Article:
The average income for writers may be low - less than €14,000 a year, according to a recent UK survey - but there are ways other than book sales for writers to make a literary living.
Indeed, the world seems to be coming down with bursaries, fellowships and literary awards - so much so that the Times Literary Supplement back-page columnist has been advocating an annual Prize for Writers Who Haven't Yet Won Prizes.
And now there's the announcement of a new honour, that of Laureate for Irish Fiction no less, which will net a cool €150,000 over three years for whoever is to be so honoured.
This is the brainchild of the Arts Council, which already awards a handy annual stipend to scores of favoured artists and writers whom it deems to be in need of a few bob. This time around, though, the chosen one will have to sing for his or her supper by giving a few writing classes at UCD and New York University, which are two of the laureateship's sponsors. That shouldn't be any great hardship.
Nominations close on October 3, with the winner to be announced in January, following the fashionable gimmick of a shortlist that's to be declared in the interim. And a few names are already being excitedly mentioned, including Eimear McBride on the strength of one published book and Donal Ryan on the strength of two. Does that qualify them as laureates?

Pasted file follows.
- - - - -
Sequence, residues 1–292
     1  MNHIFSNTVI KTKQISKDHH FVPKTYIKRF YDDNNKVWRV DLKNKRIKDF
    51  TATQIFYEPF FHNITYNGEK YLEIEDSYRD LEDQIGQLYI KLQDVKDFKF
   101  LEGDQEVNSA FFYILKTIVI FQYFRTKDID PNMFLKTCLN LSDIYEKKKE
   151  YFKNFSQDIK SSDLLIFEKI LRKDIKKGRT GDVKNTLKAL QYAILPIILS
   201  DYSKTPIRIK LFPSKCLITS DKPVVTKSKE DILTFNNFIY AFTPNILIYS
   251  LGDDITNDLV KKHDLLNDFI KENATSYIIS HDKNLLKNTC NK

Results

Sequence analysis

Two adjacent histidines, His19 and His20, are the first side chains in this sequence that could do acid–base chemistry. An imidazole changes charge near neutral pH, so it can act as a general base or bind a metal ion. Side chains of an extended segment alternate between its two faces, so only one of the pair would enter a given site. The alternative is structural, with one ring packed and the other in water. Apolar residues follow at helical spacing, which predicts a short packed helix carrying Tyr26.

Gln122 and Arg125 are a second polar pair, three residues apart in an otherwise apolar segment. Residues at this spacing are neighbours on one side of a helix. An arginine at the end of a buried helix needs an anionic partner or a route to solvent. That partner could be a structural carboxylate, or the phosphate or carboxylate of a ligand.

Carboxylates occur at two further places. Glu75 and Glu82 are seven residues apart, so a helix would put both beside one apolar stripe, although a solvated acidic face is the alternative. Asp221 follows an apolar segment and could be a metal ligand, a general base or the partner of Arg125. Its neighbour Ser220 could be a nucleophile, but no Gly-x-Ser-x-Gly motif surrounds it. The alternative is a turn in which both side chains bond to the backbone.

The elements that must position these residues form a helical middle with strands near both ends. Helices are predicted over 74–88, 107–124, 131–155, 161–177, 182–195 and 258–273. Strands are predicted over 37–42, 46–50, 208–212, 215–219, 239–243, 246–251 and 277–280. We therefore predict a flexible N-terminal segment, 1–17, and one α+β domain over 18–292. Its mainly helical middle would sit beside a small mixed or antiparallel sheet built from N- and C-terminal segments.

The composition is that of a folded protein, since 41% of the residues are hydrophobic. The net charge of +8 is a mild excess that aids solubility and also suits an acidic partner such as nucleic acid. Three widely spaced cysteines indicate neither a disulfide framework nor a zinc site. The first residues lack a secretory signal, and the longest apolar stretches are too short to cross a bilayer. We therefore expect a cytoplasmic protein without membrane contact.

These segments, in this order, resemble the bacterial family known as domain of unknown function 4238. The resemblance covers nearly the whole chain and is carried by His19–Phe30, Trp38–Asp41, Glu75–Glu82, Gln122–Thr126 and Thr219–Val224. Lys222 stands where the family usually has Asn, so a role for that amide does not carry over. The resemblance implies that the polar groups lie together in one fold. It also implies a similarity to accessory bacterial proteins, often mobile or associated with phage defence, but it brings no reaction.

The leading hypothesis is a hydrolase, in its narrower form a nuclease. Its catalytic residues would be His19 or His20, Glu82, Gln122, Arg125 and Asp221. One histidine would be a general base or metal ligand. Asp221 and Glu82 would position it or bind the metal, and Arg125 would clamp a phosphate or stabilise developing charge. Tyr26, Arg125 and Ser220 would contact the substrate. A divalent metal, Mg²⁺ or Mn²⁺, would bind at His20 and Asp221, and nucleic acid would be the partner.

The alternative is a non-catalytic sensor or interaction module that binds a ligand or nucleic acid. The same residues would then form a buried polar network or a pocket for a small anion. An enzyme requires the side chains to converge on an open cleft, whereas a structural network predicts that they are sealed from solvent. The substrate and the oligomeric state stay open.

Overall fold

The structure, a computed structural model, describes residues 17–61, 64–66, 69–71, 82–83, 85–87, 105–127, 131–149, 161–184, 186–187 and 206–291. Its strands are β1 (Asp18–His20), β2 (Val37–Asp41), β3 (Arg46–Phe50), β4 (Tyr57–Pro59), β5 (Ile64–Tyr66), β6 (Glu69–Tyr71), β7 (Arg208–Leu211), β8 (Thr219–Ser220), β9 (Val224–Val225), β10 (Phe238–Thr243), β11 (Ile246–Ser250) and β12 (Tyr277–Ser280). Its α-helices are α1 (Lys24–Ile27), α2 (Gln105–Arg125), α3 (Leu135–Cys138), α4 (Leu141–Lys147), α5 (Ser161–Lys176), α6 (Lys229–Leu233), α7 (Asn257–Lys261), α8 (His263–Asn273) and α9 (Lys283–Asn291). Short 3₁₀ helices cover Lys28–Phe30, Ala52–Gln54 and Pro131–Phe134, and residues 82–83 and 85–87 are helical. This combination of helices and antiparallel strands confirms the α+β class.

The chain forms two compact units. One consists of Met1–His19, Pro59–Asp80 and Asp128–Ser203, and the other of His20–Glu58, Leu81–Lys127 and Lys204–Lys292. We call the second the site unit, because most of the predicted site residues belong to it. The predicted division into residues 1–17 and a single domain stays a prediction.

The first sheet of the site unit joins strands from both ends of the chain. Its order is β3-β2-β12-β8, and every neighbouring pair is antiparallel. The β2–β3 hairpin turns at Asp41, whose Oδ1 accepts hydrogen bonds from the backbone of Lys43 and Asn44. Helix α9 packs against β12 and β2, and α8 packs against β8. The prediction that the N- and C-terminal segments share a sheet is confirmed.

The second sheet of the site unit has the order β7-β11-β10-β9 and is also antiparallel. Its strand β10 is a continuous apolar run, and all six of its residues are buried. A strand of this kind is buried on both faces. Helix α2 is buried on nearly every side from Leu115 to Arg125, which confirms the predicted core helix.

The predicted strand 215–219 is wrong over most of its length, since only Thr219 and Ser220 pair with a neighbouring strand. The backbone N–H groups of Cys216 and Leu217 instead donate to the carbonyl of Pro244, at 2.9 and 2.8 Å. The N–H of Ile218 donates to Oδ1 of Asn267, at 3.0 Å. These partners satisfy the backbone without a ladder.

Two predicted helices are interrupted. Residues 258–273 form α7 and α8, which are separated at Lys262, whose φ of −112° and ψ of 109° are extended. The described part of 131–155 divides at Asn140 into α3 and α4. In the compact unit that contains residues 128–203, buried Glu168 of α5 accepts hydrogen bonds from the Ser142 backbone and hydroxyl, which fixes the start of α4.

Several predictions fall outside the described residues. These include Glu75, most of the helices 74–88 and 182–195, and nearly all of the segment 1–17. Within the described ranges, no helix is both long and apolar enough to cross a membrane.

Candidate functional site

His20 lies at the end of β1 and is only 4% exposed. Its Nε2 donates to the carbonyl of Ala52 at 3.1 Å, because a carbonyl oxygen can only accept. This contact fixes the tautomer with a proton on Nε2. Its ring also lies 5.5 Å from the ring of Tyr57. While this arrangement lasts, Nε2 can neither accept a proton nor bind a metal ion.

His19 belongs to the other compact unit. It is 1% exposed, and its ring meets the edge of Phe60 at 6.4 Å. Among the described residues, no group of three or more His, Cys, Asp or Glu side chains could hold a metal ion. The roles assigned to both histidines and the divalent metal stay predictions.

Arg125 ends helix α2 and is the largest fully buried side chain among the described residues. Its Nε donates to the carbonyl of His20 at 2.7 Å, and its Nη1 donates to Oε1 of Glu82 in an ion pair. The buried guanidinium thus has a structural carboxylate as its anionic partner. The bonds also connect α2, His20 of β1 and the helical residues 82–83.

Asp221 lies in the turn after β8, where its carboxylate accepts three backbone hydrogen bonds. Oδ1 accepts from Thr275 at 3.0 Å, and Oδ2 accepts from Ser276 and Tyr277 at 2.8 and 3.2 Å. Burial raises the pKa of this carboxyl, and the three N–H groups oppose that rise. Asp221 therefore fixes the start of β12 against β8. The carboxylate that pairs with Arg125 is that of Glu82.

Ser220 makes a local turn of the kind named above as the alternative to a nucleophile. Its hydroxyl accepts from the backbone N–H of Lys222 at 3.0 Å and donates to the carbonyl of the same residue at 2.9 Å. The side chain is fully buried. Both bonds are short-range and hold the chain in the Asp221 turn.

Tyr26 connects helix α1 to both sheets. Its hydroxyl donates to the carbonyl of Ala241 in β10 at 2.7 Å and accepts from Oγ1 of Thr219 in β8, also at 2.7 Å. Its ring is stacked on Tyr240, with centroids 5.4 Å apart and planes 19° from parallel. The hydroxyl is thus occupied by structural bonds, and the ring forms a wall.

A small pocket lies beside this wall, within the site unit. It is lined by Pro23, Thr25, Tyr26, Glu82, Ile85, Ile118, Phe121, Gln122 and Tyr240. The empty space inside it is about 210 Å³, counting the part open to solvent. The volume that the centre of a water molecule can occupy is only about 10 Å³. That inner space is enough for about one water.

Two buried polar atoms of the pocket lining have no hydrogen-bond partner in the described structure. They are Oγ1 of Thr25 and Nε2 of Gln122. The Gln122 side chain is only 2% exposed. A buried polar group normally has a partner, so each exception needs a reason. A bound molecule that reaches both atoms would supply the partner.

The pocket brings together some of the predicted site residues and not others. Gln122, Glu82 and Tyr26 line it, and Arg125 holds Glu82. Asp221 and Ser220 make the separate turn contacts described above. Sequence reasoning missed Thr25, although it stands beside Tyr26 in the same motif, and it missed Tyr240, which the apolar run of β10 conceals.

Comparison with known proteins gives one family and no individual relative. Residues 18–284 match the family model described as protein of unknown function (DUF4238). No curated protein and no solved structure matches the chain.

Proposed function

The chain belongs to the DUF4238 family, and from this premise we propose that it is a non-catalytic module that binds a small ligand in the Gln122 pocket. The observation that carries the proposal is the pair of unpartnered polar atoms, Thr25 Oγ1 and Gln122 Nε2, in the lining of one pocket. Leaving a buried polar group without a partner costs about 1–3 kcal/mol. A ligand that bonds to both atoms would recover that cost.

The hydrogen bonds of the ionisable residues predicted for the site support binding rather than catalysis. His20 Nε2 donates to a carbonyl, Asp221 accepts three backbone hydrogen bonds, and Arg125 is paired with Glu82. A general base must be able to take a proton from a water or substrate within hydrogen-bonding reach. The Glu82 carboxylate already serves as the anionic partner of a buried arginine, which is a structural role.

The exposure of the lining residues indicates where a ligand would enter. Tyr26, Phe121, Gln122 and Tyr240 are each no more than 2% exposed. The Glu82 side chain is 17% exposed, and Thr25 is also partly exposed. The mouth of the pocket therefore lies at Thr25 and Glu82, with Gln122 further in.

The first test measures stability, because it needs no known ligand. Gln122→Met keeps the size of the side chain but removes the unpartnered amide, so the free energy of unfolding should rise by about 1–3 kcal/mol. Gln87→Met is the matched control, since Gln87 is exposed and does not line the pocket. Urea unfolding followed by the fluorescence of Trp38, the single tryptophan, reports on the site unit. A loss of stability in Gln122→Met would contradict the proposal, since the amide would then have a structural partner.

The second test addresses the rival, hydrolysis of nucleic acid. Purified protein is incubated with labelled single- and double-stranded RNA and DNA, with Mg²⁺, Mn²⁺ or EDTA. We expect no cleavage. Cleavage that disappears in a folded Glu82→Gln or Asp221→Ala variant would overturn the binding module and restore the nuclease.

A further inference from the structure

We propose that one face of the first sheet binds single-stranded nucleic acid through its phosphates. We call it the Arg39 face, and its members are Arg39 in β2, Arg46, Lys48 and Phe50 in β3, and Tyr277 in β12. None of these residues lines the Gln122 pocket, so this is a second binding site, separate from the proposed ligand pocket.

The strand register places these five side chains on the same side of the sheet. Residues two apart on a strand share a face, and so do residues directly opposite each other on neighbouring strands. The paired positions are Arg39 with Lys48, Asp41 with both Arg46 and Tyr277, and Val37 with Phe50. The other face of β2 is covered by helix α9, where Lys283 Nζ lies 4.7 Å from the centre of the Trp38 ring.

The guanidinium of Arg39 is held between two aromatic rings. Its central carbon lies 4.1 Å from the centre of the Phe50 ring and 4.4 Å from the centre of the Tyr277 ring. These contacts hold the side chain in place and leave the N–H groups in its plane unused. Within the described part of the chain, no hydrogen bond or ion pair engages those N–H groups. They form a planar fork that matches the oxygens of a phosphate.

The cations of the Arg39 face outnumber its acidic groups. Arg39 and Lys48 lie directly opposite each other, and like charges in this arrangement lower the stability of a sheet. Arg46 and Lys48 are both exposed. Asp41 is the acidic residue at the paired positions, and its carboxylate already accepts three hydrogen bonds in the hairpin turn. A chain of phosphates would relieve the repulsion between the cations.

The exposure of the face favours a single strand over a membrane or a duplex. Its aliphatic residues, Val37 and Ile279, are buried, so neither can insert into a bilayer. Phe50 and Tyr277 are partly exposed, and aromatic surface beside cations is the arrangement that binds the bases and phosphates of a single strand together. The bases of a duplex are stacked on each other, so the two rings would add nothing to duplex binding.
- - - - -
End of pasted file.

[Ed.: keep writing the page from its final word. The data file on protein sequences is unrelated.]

More pertinently, who needs a fiction laureate anyway? The people behind it say that the post has been created to promote Irish literature both here and abroad and to encourage the public "to engage with high-quality Irish fiction". But surely Bord Fáilte is there to achieve the former and various novelists' publishing houses to foster the latter. Or so one would have thought.
Meanwhile, Tara Bergin is the only Irish name to feature among the 20 Next Generation Poets just announced by the Poetry Book Society in England. And certainly when co-judging the inaugural Pigott Poetry Prize last spring, I thought her collection, This is Yarrow, very striking indeed.